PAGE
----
How to Operate A Pressure Blast Pot?

If you are new to sandblasting, here is some key information you should know when it comes to operating a Pressurized Blast Pot

Follow these guidelines to get the best out of your blast pot and maintain it for optimal working performance for decades.

CONNECTION TO THE AIR COMPRESSOR

The sandblasting machine usually has a 1″, 1 ¼”, or 1 ½” air inlet coupling equipped with a ball valve and a pressure regulator and gauge to adjust the pressure at the point of connection with the blaster. 

It is important to use a compressor that has an outlet and an air line that is at least the size of your sandblaster’s air inlet or bigger, to avoid causing any restriction to the air coming in. For instance, if your sandblaster has a 1 ¼” air inlet, the air compressor outlet and air line that supplies your equipment must be at least 1 ¼”.

Also, the compressor must be able to supply enough air volume (cfm) at a given pressure (psig) to maintain your sandblast machine pressurized and able to supply enough air for your application. The air consumption at a given blasting pressure is dictated by the opening size of the blasting nozzle.

Consult our Air consumption tables to find out the required cfm for your application.

Remember that, as your blast nozzle wears out, its internal diameter will increase and so will the air demand. For that reason, you should consider the air consumption of a blast nozzle that is one size bigger than the one you are using to avoid lacking air volume eventually. 

Ideally, you should use a dedicated compressor for your sandblasting equipment. If you compressor is shared among different air-powered equipment, make sure the use of other equipment will not affect the air supplied to the sandblast pot.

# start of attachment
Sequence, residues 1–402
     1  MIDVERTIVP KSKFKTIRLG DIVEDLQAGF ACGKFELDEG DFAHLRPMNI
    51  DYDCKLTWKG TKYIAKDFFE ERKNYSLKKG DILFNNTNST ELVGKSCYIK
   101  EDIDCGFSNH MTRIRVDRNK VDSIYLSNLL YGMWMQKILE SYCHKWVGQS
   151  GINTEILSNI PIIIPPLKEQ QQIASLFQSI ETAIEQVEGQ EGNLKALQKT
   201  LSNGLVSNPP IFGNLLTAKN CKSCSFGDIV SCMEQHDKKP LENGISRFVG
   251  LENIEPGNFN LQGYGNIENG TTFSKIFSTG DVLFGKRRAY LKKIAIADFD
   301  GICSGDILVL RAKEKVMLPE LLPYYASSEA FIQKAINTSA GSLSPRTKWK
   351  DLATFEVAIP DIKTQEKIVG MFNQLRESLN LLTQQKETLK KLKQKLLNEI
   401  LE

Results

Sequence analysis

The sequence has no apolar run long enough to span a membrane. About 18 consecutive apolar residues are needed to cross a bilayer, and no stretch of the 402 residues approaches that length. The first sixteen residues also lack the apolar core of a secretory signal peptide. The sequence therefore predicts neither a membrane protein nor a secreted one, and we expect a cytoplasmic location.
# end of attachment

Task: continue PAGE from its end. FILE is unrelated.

Finally, only straight coupling should be used on both ends of the air hose to ensure the connection is airtight. Avoid using Chicago coupling or other quick connect couplings which may lead to air leaks. For every drop of 1 psig at the nozzle, there is a corresponding loss of 1.5% in productivity.

These considerations are critical in order to supply enough pressure and volume to maintain a constant pressure inside the blast pot. Otherwise, you may experience pressure fluctuation, which will result in an irregular stream of blast media and negatively impact your productivity.

Connection Between a Pressurized Sandblaster and an Air compressor

AIR QUALITY SUPPLIED TO THE SANDBLASTER

Air quality is the key. Make sure to use water separators and desiccant filters between the air compressor and the sandblasting machine to remove any oil remains, moisture, and contaminants produced by the compressor, in order to supply only clean and dry air to the blaster. 

Moisture can contaminate your abrasive media, which will eventually clog your abrasive metering valve and lead to the formation of rust on your blast pot’s inner walls and piping. 

As an additional protection measure, our PPB Series Portable Blasters are equipped with a water separator which uses centrifuge force to extract high concentrations of moisture before it can enter the sandblasting machine.

Water Separator

PRESSURIZING/DEPRESSURIZING THE BLAST POT

Between the air inlet and the pressure pot, an inlet air valve controls the supply of air to the pressure vessel. 

The pressure vessel also has an exhaust system equipped with an exhaust air valve enabling it to maintain or release the pressure inside the blast pot.